In the hill area of Roscigno, nearly 2 km from the towncenter, at the southwestern end of the Alburni mountains, there is Mount Pruno, which reaches 879 meters above sea level. The three longitudinal heights that slope gently make it immediately recognizableRoscigno territory from any side it is reached.
On its summit there is an extensive plain reached through an ancient path, called Casalicchio, which connects the village of Old Roscigno, before merging with another path running from New Roscigno, passing a picnic area behind the Casalicchio fountain. This path, surveyed and included in the network of paths of the National Park of Cilento andVallo di Diano with the n. 518, is used by both local and international tourism.
On the plain there is the archaeological site of Monte Pruno, a large Lucano and PuglieseEnotrio settlement, dating from the VII to the III century AC.
The interest in the Monte Pruno archaeological site was born in 1928 thanks to two doctors in the area, named SerafinoMarmoBellosguardo and Silvio Rescinitiof Roscigno.
Already around the ’20s, in fact, fragments of amber were recovered dating from the VI and V centuries BC. In a campaign of archaeological excavations conducted in 1938 a princely tomb was found, with a rich array of burial goods, currently preserved in the Provincial Archaeological Museum of Salerno.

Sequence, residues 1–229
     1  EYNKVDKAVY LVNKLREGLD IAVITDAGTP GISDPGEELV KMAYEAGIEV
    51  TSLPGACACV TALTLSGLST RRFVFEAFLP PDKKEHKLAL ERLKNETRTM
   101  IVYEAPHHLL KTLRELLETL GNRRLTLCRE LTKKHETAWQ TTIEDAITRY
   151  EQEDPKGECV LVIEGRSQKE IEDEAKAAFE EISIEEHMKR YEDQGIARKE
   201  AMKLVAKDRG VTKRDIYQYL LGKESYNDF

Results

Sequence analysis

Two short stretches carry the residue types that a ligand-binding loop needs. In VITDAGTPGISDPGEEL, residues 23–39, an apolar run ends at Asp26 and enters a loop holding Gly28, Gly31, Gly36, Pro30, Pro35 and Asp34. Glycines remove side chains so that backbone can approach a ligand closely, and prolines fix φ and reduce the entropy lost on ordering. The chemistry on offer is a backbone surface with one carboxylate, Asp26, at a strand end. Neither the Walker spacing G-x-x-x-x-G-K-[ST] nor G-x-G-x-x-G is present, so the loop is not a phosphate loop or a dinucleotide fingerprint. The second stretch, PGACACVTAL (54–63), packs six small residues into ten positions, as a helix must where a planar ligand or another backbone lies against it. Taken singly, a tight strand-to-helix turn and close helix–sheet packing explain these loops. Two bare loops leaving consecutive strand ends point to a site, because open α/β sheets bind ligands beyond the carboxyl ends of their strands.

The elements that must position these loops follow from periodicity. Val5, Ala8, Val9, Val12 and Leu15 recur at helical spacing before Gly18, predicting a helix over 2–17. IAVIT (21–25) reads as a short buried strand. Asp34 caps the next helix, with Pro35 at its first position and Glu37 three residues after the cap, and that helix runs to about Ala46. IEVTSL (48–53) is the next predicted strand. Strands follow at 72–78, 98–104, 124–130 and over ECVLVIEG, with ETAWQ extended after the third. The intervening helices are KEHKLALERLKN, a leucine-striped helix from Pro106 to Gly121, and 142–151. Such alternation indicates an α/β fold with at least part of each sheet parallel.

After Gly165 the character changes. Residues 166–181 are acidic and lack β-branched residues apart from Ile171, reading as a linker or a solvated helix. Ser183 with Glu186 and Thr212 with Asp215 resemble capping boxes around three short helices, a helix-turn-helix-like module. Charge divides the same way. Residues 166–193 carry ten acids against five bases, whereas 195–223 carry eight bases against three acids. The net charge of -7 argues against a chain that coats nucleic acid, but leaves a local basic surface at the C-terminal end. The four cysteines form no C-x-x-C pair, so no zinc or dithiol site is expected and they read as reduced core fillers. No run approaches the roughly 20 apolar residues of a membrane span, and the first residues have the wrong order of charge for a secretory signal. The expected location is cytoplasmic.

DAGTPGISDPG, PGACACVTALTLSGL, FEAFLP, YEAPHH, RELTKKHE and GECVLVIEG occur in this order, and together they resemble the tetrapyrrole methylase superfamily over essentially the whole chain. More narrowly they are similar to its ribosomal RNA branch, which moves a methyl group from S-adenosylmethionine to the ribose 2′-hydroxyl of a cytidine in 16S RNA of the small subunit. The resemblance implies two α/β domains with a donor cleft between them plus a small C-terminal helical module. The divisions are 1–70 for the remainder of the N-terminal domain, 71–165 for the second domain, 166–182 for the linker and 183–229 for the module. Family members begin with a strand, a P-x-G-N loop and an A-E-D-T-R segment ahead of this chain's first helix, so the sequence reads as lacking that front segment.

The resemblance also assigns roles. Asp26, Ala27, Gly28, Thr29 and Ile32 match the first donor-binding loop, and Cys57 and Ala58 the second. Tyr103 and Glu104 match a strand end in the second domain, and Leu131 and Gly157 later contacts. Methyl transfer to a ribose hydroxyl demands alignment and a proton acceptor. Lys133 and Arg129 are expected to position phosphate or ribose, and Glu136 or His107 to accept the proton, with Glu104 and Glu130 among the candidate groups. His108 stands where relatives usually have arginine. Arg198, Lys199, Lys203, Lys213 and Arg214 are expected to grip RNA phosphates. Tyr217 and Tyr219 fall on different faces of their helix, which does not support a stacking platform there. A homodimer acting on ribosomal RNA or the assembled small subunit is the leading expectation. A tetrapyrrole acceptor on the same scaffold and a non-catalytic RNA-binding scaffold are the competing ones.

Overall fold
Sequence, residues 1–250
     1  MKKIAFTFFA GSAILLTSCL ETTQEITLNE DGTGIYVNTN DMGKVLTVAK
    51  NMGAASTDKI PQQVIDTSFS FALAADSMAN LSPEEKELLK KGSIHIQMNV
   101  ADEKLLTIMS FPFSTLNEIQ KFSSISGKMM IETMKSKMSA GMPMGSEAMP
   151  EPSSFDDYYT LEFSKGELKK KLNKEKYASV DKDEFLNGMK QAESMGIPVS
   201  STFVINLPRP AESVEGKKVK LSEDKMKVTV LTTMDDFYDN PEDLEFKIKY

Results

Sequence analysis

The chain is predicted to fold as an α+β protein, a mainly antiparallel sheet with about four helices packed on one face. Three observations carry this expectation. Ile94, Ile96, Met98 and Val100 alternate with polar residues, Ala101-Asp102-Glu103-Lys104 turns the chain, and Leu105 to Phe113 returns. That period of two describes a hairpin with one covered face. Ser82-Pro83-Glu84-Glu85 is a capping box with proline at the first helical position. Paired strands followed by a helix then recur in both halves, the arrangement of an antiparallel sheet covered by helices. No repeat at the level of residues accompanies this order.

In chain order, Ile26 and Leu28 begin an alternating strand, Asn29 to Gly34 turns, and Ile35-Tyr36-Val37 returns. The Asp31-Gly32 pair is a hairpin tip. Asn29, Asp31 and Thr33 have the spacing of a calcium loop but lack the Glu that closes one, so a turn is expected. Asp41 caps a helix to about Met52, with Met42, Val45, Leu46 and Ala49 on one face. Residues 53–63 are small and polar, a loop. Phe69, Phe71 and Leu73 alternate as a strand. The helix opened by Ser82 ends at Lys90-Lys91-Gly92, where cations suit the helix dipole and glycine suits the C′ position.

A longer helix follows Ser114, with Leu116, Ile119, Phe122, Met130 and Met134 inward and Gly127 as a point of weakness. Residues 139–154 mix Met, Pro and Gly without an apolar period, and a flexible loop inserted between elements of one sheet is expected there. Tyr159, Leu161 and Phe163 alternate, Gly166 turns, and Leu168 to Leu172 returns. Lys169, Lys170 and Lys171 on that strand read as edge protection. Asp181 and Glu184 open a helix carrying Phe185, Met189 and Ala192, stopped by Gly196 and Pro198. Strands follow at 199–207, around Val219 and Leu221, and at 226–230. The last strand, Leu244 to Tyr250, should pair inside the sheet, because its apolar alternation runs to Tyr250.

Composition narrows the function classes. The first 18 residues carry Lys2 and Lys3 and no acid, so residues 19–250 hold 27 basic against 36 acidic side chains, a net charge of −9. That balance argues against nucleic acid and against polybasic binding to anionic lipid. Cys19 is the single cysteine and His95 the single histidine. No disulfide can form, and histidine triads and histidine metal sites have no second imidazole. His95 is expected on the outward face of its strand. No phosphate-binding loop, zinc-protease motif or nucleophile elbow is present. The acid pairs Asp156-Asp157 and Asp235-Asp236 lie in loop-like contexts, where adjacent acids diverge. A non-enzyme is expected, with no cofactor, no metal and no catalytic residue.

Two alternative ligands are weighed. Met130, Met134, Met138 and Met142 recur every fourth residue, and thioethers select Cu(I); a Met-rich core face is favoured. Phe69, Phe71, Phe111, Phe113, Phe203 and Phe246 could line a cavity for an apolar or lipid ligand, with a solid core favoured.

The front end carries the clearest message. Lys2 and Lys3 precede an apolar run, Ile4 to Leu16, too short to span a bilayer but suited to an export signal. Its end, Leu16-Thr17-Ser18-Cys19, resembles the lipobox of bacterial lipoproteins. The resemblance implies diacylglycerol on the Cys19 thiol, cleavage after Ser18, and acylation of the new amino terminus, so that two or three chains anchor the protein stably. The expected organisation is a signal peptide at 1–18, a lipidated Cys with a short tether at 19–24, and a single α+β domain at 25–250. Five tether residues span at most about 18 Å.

Since the ’80s tombs have been identified dating to the mid VI century BC and a second rich tomb from the early V century BC.
In the IV century BC a wall was built around the settlement, consisting of scattered houses. It was probably the fortified center which hosted the population scattered over a wide area in the event of danger. Other burials (including a female tomb from the mid VI century BC) and houses (a large complex in use between the second half of the IV and the half of the III century BC) were found in Cuozzi, about 1 km, on the slopes of the mountain. Shortly downstream a cattle trackstill runs, traditionally known as “trazzeradeglistranieri (foreigners path)”, which was to form the communication route between the coast and the hinterland. The settlements seem to have been abandoned fairly suddenly at the end of the III century BC, probably coinciding with the arrival of the Romans.